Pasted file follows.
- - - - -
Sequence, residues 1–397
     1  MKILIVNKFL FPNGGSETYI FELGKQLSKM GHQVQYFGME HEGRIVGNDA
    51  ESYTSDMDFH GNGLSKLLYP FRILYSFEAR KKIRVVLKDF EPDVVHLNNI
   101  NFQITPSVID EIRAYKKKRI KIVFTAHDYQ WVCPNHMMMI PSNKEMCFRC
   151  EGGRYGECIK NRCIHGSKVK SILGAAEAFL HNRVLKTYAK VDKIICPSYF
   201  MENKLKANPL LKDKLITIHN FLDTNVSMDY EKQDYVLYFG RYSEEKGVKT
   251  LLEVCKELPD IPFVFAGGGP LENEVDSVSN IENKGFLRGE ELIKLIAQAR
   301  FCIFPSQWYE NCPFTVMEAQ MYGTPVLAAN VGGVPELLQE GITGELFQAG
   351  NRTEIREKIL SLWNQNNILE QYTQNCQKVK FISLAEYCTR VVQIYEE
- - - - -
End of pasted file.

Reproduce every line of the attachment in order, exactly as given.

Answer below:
Sequence, residues 1–397
     1  MKILIVNKFL FPNGGSETYI FELGKQLSKM GHQVQYFGME HEGRIVGNDA
    51  ESYTSDMDFH GNGLSKLLYP FRILYSFEAR KKIRVVLKDF EPDVVHLNNI
   101  NFQITPSVID EIRAYKKKRI KIVFTAHDYQ WVCPNHMMMI PSNKEMCFRC
   151  EGGRYGECIK NRCIHGSKVK SILGAAEAFL HNRVLKTYAK VDKIICPSYF
   201  MENKLKANPL LKDKLITIHN FLDTNVSMDY EKQDYVLYFG RYSEEKGVKT
   251  LLEVCKELPD IPFVFAGGGP LENEVDSVSN IENKGFLRGE ELIKLIAQAR
   301  FCIFPSQWYE NCPFTVMEAQ MYGTPVLAAN VGGVPELLQE GITGELFQAG
   351  NRTEIREKIL SLWNQNNILE QYTQNCQKVK FISLAEYCTR VVQIYEE